Musings on market-oriented approaches to International Development
In Fantastic Four, a comic and movie about a superhero team, Sue Storm has the power of invisibility. While initially difficult to control, she later learns to be invisible at will. In this sense, while not willingly invisible, Sue’s experience is similar to those of a seemingly silent and invisible set of farmers in Kenya – women.
A few months ago, I had the opportunity to travel across Western Kenya with my boss. This first trip was complemented a few weeks later by a second ‘tour’ with the marketing team at my firm, Western Seed Company, which makes high productivity hybrid maize seeds for smallholder famers.
In both tours, I visited around 25 shambas (Swahili for farm). In all but three of the shambas, the farmers were women. Some women plowed fields, pulled out weeds and planted seeds with babies straddled to their backs, keeping a watchful eye on nearby toddlers.
I also visited over 50 retail stores for agricultural products. In discussions with the owners of these stores, and from my personal observations, the purchasers of seeds were almost always male. At field days – events where demonstration plots of maize are harvested, and free products are given away – all the ‘farmers’ are men. At stakeholder sessions – where government, the private sector, and agricultural groups convene – the ‘farmers’ are all men.
Where are the women? At home, farming.
This phenomenon is not only one I have experienced in western Kenya, but is also a prevailing dynamic across the developing world in general, and Sub-Saharan Africa in particular. According to an article by the BBC, over 90% of Sub-Saharan Africa’s food is grown by women. Globally speaking, 70% of the world’s food is grown on shambas less than two hectares, and tended mostly by women.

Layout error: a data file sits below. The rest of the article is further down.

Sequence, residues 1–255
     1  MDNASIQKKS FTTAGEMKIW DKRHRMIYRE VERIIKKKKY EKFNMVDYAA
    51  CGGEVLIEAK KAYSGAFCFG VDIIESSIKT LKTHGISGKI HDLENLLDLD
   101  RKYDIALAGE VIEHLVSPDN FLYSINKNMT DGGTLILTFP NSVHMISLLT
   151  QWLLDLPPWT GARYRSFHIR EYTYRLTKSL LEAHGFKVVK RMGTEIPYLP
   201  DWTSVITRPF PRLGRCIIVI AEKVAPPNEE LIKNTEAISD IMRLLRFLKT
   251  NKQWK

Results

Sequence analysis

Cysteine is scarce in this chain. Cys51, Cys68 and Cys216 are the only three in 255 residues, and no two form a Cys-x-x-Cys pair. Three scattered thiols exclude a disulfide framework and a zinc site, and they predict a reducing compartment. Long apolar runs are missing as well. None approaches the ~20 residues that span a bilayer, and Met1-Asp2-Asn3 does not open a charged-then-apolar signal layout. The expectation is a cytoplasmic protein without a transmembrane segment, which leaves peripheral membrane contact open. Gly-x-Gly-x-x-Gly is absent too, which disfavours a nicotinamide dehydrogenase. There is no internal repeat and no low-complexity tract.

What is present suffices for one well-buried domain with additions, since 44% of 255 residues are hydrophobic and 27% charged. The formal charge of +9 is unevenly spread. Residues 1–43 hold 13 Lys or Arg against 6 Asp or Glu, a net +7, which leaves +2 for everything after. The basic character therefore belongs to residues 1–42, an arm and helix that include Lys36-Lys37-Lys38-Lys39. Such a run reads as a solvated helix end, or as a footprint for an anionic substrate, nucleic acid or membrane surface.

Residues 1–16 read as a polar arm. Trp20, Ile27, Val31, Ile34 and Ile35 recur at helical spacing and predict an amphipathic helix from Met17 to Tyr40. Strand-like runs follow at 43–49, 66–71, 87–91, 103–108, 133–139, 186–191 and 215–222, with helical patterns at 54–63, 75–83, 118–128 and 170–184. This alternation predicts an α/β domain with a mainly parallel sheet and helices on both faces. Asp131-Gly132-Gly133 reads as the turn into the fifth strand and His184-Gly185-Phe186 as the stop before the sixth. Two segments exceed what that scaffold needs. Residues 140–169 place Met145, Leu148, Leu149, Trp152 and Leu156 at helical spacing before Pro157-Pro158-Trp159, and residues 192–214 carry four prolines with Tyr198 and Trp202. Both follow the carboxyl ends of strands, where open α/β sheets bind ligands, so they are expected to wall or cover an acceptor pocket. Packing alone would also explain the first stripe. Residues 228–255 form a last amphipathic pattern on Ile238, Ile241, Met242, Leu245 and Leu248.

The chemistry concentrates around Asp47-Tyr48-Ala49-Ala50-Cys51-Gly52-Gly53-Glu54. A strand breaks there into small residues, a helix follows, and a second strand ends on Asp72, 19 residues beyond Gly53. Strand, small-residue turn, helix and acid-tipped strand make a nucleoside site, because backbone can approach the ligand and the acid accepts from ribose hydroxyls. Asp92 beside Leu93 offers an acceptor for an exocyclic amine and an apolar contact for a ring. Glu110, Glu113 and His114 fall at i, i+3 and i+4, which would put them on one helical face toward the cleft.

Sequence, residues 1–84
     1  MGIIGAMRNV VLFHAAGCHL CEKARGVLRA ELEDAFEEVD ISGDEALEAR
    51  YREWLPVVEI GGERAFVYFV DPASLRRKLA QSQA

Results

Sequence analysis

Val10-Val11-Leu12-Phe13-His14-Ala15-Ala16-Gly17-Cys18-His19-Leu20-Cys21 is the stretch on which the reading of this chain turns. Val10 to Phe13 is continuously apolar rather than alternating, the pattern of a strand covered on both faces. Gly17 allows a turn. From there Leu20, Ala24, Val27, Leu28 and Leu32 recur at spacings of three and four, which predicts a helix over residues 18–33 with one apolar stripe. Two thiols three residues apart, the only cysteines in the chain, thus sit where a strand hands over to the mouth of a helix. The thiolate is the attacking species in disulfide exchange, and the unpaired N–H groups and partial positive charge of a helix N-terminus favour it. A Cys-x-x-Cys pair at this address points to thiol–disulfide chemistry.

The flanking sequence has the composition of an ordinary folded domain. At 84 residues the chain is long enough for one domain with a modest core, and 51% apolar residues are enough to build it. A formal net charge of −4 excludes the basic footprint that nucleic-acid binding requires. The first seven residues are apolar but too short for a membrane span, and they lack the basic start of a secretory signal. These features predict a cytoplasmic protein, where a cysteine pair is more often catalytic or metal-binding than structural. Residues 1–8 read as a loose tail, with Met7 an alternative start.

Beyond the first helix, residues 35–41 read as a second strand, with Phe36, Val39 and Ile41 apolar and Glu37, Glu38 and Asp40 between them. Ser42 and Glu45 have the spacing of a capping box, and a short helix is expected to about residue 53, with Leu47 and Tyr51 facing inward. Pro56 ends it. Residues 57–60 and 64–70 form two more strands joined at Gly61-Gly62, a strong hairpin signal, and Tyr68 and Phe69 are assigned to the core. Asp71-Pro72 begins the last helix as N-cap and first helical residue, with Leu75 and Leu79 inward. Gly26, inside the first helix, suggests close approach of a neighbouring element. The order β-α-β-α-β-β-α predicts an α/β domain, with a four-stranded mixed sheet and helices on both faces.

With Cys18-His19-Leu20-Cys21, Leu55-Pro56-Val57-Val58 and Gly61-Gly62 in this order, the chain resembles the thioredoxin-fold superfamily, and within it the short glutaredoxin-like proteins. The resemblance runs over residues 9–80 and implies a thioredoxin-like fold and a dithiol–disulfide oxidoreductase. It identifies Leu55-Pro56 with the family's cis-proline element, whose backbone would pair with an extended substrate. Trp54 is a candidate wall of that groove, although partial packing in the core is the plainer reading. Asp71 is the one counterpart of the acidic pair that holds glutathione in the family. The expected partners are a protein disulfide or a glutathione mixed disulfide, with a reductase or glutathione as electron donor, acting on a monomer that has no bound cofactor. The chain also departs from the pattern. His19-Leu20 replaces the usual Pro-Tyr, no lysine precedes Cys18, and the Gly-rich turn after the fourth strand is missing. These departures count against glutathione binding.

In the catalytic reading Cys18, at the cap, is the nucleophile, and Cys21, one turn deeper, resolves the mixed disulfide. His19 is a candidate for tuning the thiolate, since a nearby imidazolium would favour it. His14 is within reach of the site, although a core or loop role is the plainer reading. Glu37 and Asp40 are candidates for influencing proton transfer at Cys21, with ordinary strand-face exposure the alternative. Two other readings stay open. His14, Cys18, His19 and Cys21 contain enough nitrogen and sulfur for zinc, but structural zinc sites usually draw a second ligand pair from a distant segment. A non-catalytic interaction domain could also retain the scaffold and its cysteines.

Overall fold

While farming, particularly among development circles, is romanticized solely as a rewarding endeavour, the damaging effects of the trade, especially on women is less well known. Muscular-skeletal problems from carrying heavy loads, frequent squatting and kneeling are a concern, with almost 43% of women reporting back pain.
Does this lack of recognition matter? Yes and no.
One reason why it may not matter is that at the end of the day, households are able to cultivate and harvest the food required to generate income or for consumption.
Yet, the dissonance between the actual farmer versus those who are recognized as farmers does matter from an empowerment, training and policy perspective. Women across the world are bedeviled by a lower socio-economic status. Recognizing them for the important role they play in – literally – feeding the world is an important step in driving change on how women are perceived, respected and empowered in society.
Second, if men are the primary recipients of training programs and stakeholder forums, then women – the actual farmers – are devoid of the resources needed to be more effective farmers, with more yields.
At a policy level, government, development organizations and the private sector need to be cognizant of the gender dynamics in agriculture, and work towards empowering women and ensuring a more equitable distribution of resources.
I want women to be recognized for their valuable roles in sustenance of households.
I want African women to be revered for their contribution to society.
I want businesses, governments and men to engage and empower our invisible farmers.